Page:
The UN-recognised government of national unity, based in the Libyan capital Tripoli, announced on Thursday that it had carried out air strikes against smugglers’ sites in the west of the country.
“Our national air force carried out (Thursday) morning precise and targeted air strikes against the hideouts of gangs of traffickers in fuel, drugs and human beings in the western coastal region”, the Ministry of Defence said in a statement on Thursday.
The strikes carried out on the “orders of the head of government”, Abdelhamid Dbeibah, “successfully hit their targets”, it added in the text published on the Facebook page of the ministry’s press office, which gave no further details of the locations targeted.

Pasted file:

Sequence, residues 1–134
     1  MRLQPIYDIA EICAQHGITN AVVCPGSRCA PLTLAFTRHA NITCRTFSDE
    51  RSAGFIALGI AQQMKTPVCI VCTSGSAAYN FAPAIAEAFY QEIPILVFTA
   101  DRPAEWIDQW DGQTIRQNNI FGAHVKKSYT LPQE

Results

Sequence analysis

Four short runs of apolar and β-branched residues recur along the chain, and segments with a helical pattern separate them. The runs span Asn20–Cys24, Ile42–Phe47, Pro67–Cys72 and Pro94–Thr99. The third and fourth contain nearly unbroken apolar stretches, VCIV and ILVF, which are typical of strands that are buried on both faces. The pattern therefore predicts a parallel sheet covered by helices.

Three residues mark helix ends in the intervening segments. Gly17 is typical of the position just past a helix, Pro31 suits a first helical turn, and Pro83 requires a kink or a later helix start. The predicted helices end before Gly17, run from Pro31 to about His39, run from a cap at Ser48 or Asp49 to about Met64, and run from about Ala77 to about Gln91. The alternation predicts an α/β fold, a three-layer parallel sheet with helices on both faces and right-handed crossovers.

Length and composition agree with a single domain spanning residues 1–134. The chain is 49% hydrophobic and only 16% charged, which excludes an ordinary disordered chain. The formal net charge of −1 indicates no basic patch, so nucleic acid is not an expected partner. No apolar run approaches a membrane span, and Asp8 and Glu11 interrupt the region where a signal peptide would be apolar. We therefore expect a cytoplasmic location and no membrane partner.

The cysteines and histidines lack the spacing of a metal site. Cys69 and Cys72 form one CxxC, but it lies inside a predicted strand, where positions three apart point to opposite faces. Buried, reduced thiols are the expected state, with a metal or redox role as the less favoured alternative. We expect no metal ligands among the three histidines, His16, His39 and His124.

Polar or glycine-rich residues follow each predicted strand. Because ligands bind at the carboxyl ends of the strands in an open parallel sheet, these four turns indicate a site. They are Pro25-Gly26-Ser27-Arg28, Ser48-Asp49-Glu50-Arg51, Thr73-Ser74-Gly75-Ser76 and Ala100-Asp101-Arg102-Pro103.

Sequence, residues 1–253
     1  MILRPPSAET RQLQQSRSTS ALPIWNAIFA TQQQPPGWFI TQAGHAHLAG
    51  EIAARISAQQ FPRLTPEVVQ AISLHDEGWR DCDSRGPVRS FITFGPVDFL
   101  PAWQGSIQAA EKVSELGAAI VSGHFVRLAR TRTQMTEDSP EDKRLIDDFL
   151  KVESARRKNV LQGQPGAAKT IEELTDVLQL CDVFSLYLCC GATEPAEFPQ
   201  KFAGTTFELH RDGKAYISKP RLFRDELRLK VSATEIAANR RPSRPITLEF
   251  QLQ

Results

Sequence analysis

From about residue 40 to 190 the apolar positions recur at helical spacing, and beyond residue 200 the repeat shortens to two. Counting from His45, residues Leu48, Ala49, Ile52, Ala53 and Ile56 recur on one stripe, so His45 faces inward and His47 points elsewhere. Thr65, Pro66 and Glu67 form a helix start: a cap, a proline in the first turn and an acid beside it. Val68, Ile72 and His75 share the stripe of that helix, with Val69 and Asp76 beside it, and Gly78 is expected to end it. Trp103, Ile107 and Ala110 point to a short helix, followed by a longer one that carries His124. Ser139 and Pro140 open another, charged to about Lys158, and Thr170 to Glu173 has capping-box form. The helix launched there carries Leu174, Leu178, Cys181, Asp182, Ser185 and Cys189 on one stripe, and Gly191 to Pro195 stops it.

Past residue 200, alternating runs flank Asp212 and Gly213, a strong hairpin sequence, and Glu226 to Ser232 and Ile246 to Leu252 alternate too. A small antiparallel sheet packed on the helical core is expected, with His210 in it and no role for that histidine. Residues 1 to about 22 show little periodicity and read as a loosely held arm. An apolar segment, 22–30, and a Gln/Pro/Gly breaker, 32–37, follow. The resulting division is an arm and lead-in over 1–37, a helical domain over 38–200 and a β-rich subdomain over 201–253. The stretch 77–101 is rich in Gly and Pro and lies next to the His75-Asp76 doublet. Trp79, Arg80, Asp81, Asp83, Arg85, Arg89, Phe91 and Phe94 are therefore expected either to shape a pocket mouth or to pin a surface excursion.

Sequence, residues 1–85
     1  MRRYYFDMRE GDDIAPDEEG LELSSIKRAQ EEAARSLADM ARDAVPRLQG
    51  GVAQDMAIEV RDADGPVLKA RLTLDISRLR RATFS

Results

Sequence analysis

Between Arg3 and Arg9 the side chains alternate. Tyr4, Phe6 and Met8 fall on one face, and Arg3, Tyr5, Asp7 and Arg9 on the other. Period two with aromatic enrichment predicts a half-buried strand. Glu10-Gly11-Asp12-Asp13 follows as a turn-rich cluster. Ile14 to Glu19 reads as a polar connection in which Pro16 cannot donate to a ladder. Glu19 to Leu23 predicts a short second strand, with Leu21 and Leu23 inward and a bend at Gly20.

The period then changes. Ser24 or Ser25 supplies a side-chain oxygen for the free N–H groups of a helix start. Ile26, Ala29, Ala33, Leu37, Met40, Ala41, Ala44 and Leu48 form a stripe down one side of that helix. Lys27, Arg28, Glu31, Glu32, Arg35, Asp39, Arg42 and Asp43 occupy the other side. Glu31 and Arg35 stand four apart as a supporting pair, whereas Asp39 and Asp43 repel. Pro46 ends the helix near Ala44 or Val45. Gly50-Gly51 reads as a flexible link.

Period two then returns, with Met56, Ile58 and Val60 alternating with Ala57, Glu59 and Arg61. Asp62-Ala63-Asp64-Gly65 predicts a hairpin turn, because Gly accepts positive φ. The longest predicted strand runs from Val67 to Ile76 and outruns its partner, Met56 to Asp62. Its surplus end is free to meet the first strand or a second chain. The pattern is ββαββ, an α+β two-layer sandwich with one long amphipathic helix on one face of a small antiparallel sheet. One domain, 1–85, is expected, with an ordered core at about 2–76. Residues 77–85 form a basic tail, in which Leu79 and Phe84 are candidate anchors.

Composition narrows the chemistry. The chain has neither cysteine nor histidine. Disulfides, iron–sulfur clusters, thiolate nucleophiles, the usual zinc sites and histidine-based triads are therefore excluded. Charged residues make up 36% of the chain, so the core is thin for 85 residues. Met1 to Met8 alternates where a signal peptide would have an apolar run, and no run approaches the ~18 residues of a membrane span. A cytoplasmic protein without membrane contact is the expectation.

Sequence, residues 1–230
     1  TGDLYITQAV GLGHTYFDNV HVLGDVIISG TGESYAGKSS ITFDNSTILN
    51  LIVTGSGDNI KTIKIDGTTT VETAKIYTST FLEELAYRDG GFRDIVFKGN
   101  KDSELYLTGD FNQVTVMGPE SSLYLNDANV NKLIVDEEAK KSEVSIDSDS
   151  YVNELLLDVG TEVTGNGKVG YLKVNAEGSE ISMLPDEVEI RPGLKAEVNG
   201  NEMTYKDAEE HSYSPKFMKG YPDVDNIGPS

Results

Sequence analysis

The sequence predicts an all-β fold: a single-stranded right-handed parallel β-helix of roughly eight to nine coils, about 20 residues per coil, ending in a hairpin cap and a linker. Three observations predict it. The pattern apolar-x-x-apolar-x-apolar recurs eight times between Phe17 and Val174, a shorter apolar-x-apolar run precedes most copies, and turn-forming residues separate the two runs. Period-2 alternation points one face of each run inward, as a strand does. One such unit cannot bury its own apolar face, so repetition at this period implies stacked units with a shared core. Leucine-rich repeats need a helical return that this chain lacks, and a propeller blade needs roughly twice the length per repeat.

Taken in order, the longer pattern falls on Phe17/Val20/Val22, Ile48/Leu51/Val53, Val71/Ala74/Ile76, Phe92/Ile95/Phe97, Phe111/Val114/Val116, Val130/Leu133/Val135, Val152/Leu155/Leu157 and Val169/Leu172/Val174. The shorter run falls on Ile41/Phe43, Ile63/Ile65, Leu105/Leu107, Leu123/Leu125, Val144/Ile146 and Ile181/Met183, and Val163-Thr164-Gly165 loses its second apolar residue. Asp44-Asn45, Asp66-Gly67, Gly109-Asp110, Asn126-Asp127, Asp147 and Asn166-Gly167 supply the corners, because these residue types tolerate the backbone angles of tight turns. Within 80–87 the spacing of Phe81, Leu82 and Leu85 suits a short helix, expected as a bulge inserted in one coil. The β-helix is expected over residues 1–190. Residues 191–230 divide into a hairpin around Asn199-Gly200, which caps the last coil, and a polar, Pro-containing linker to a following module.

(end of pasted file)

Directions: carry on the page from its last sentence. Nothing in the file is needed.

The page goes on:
According to local media, the sites affected are on the outskirts of Zawiya, a coastal town 45 km west of the capital, which for several weeks has been the scene of clashes between armed groups engaged in human trafficking and other activities such as fuel smuggling.
No official figures have been released for the moment, but Libyan news websites have indicated that the strikes were carried out by drones, reporting material damage in the area of the port of al-Maya, a small seaside town around thirty kilometers west of the capital, and in the Abu-Sourra sector, south of Zawiya.
Since the fall of Muammar Gaddafi’s regime in 2011, Libya has been plunged into chaos and division, with a proliferation of armed groups often operating with impunity.
These groups are often singled out for their illegal activities, including the trafficking of migrants, taking advantage of the chaos reigning in the country.